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Lauren Bryant and Bill O'Connor

By Bill O'Connor

Lauren Bryant, AbilityLinks volunteer & intern at AbilityLinks is prepping for her next step in her academic career, walking down the halls of one of two Big Ten schools.


 

 I'm going to run a little experiment. I want all of you reading this to ask anyone, anyone at all, the following question: “Hey, have you heard of this website called Tumblr?” What was their response? 

I can almost guarantee that 90% or so of those people you asked, responded with: “What the heck is Tumblr?” 


On October 8-10, AbilityLinks kicked off National Disability Employment Awareness Month (NDEAM) with a virtual job fair.


A new exhibit at the Smithsonian’s National Museum of American History has “everybody” talking: EveryBody: An Artifact History of Disability in America.


• Offered job during an instant messenger interview, often Yahoo Messenger. Jobs ARE NOT offered during online interviews!• Scammers use personal email accounts like @yahoo.com, @gmail.com. Real employer email  addresses END with the company name like @starbucks.com, @abilitylinks.org, @walmart.com.• Offered a check or direct deposit/asked for bank account information. NEVER give bank account numbers, routing information or money to anyone you don't know. • If it sounds too good to be true, it probably is. How to Tell if a Job is a Scam.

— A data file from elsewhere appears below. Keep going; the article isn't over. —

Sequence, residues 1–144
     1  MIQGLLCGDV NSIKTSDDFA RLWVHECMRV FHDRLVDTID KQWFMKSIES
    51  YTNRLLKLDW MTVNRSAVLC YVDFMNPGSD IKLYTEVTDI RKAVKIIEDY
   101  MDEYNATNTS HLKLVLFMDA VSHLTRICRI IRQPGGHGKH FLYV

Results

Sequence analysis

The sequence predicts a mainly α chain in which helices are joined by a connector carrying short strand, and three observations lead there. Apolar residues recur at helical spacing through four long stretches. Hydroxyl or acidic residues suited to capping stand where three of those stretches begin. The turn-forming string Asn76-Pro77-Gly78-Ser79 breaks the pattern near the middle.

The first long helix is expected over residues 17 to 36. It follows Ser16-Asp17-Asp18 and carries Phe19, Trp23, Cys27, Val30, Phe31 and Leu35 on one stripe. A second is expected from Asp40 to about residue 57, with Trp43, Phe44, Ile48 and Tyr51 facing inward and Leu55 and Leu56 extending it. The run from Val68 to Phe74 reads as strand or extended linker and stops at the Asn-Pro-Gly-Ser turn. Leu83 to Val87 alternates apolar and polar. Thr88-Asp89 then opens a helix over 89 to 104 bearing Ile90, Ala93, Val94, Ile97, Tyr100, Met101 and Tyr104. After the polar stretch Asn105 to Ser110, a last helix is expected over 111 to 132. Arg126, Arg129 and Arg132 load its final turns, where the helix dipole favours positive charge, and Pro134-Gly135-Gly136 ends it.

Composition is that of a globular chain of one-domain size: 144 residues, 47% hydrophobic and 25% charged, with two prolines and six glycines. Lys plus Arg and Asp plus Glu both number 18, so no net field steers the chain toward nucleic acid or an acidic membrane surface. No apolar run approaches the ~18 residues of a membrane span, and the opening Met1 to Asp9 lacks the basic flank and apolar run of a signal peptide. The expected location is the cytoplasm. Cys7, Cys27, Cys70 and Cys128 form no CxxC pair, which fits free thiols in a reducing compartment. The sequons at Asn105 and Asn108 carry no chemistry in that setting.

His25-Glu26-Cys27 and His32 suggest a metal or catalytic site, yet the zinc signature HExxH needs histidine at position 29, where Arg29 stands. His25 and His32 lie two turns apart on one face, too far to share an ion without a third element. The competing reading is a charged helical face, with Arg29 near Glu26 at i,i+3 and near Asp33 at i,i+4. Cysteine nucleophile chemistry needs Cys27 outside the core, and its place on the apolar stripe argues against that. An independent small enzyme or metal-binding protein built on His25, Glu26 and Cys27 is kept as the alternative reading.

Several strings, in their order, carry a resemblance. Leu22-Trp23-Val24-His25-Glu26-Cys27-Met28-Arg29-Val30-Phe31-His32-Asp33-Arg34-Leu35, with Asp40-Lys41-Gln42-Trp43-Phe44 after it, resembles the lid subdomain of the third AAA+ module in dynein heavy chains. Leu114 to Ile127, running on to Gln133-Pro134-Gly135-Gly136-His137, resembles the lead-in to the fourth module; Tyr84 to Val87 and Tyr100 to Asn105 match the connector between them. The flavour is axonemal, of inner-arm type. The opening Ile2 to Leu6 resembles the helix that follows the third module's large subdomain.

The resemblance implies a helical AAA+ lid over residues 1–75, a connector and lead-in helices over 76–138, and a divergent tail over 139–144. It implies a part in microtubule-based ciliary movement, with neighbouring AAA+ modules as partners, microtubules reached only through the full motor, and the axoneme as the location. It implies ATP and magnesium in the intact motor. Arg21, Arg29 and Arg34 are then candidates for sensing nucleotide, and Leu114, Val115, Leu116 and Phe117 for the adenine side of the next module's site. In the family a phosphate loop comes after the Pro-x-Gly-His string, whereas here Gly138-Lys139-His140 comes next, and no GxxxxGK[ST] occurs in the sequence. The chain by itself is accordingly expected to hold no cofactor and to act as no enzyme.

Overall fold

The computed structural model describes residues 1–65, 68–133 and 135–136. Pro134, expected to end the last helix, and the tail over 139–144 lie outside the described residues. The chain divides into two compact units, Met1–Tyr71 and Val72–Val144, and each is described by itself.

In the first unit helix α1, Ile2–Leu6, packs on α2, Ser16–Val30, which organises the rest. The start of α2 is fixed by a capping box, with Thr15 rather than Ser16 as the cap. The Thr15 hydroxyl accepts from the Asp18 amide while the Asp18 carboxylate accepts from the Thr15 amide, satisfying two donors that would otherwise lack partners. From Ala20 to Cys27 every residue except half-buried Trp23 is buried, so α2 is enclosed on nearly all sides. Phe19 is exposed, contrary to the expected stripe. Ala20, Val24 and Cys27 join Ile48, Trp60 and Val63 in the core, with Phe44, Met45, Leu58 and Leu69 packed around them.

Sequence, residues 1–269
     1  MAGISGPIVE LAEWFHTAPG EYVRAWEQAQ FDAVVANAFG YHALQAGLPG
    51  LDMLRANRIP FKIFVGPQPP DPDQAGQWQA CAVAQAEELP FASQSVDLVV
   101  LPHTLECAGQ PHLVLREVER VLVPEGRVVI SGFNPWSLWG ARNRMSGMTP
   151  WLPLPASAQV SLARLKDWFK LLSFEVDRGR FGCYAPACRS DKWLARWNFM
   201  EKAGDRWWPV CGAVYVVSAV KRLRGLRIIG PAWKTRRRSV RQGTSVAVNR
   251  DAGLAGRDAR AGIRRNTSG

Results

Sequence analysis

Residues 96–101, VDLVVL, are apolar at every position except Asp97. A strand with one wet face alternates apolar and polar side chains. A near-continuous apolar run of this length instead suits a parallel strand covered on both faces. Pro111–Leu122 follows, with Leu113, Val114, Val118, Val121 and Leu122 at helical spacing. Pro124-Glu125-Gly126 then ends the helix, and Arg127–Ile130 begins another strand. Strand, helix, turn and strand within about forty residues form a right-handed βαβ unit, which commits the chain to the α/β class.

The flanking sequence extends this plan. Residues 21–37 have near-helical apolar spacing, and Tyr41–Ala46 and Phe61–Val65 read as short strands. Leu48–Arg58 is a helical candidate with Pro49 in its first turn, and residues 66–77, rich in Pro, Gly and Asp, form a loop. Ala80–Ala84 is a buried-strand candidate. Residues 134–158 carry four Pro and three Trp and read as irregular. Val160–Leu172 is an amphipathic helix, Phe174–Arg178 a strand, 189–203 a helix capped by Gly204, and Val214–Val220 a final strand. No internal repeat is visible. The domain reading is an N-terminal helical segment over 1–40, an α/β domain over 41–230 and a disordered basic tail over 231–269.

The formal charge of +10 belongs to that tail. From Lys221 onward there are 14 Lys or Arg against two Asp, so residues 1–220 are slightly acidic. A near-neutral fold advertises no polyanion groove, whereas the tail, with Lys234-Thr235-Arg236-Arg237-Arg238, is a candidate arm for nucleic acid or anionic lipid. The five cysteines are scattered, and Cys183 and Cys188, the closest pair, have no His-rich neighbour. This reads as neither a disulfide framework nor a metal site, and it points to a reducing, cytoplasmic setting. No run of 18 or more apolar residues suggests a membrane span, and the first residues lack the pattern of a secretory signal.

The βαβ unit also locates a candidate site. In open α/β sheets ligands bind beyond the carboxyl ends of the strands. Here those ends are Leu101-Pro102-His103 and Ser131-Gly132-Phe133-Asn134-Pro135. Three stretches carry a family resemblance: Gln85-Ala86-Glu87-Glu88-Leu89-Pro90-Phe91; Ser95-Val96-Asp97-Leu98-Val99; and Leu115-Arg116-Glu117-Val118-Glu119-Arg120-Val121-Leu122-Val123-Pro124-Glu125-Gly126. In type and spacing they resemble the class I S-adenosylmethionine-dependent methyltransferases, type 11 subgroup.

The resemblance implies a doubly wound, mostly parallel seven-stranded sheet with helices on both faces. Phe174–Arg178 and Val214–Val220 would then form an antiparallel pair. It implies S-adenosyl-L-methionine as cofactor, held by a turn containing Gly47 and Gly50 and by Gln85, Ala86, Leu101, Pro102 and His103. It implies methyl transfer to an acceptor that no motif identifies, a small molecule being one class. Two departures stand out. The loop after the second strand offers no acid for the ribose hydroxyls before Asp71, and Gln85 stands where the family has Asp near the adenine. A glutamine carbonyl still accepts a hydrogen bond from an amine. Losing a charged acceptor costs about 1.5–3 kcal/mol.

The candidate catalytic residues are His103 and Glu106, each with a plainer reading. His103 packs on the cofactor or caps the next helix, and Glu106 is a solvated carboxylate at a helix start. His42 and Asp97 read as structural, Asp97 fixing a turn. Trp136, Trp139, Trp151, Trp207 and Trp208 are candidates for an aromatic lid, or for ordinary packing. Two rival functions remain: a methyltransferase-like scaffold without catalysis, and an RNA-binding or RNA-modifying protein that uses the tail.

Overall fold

The U.S. Department of Labor is proposing a new rule that would require federal contractors and subcontractors to set a hiring goal of having 7 percent of their workforces be people with disabilities, among other requirements. The department’s Office of Federal Contract Compliance Programs invites public comment on this proposal, which was published in the December 9 edition of the Federal Register.


If you’re hard of hearing, you know that it’s especially difficult to hold a conversation in crowded, noisy places like restaurants and parties, even when you use a hearing aid. The hearing aid amplifies the conversations and noises from the tables and people around you along with the voices of the persons you want to talk with.

A hearing impaired smart phone user has found a creative solution to this common problem, reports the New York Times. By attaching a directional microphone to an iphone, pointing it toward the person you are talking with and using a pair of in-ear earphones, that background noise can be limited, he found.


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